If the anencephalic pregnancy is not terminated prenatally or diagnosis is not made prior to birth, live born infants typically survive less than 1 day [4]. It is an important aspect to address all the potential possibilities of maternal outcomes with parents, especially in case of pregnancy termination is not or no longer an option. The decision about pregnancy termination is associated with parents’ religious beliefs and restricted legal termination rules, in addition to other factors such as late detection of the anomaly and delayed fetal anatomy scans. Commonly, the major reason for continuation of pregnancy is the request of parents due to religious beliefs.

In our study, we aimed to review the obstetric outcomes after the continuation of pregnancies with anencephalic fetuses, to review the obstetric impact and natural history of anencephalic pregnancies, and to define the maternal risks in the continuation of pregnancies with non-life expectant babies.

Materials and Methods▴Top 

This is a retrospective chart review of all prenatal diagnoses of anencephaly, made in Sanliurfa Education and Research Hospital, Sanliurfa, Turkey, in a 1-year period between May 2017 and April 2018. The unit is a busy tertiary center in the east of Turkey, which receives referral patients from the region, with about 35 - 40,000 deliveries per year. Also an important aspect of the hospital is that a great amount of health care is being provided to Syrian refugees due to the intensity of the Syrian refugees in the region. Approval and permission for the study regarding the provision of patient data were obtained from the institution (registration number: 96537014-00-3876). The study design is in accordance with the Helsinki Declaration (Association 2014), and conformed with the Committee on Publication Ethics Guidelines. The diagnosis of anencephaly was made through prenatal ultrasound by the same physician (Ekmekci E) and confirmed in postnatal neonatal examinations. The ultrasound device used was a Voluson E8 system (GE Healthcare, Milwaukee, WI) with an RAB 4 - 8-MHz transabdominal probe. Multiple gestations are not included in study.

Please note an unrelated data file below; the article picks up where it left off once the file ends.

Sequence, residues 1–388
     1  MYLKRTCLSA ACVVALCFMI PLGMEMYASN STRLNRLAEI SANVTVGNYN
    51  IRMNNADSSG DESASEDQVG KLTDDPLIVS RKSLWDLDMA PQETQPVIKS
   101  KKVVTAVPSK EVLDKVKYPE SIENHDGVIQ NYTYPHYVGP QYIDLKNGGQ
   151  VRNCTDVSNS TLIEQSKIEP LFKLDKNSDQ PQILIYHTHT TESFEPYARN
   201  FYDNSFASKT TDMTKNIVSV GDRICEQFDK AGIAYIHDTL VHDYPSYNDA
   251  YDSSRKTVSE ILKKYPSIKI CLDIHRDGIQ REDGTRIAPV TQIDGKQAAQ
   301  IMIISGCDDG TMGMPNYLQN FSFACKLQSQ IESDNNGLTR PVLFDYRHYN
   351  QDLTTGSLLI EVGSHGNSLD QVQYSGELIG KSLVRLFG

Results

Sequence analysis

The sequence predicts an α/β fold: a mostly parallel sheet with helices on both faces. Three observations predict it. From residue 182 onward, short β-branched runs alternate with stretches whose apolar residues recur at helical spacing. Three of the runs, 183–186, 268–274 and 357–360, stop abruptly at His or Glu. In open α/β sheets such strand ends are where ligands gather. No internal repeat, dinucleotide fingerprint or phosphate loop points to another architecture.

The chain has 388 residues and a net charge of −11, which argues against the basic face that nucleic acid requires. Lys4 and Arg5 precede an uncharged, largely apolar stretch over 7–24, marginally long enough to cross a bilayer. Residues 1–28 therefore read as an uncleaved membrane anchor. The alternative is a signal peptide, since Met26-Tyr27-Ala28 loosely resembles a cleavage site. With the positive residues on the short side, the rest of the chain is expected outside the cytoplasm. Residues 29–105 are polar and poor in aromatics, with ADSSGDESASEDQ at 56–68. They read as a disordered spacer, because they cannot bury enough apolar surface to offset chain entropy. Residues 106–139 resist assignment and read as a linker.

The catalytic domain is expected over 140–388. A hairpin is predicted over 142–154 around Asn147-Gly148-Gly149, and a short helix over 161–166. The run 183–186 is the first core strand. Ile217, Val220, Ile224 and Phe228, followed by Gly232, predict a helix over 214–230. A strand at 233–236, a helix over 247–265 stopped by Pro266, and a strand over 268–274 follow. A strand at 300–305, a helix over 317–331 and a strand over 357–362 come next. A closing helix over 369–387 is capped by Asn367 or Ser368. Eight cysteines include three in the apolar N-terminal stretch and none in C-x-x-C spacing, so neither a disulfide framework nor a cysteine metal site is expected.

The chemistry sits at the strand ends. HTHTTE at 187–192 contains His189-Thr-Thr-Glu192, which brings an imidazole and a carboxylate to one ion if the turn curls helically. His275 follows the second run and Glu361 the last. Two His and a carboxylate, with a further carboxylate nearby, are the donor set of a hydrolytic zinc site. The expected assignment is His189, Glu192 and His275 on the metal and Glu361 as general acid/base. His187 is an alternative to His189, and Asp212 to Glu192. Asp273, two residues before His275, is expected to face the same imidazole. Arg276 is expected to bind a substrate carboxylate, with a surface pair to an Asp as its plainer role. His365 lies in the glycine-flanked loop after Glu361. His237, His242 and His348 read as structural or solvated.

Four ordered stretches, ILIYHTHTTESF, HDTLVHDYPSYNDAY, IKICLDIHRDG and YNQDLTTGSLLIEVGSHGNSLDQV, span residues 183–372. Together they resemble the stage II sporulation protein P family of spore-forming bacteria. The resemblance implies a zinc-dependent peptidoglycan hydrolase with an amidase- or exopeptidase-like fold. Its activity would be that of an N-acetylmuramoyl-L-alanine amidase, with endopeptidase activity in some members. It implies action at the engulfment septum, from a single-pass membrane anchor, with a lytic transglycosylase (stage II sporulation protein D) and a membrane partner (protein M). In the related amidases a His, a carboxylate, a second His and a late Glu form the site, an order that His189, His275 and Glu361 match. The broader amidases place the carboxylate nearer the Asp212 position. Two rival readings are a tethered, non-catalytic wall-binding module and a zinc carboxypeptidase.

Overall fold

All parents were informed about the fetal status through detailed oral disclosure with photographs of sample anencephalic babies, and all were given the option of pregnancy termination, irrespective of gestational age. There is no restriction for termination of pregnancy in Turkey in cases of confirmed lethal or severe fetal anomalies with the approval of the hospital ethics board. Twenty-eight women who do not accept termination and opted to continue pregnancy were selected for the study. Pregnancies were followed up to 37 weeks of pregnancy; if labor did not start spontaneously, labor induction was started.

Outcome variables included gestational age at diagnosis, gestational age at birth, induction of labor, cesarean delivery, live births, stillbirths, shoulder dystocia, polyhydramnios, antepartum hemorrhage (APH), and postpartum hemorrhage (PPH). Polyhydramnios was defined as ultrasound estimation of amniotic fluid if the deepest vertical pocket is ≥ 8 cm and defined as severe polyhydramnios if ≥ 16 cm.


Eighty-seven anencephaly cases from 27,754 deliveries were enrolled in the study during the 1-year period. A total of 3,885 deliveries were carried by Syrian refugees, 31 of which were anencephalic fetuses. The average maternal age was 27 years (range, 17 - 46 years). The median parity was 3 (range, 0 - 8). Thirteen percent (12/87) of the patients were primigravida. Three women had a history of previous anencephalic pregnancies. No other risk factors were identified. The mean gestational age at diagnosis was 18 weeks (range, 11 - 36 weeks). Forty-nine pregnancies were terminated after the diagnosis, according to family request.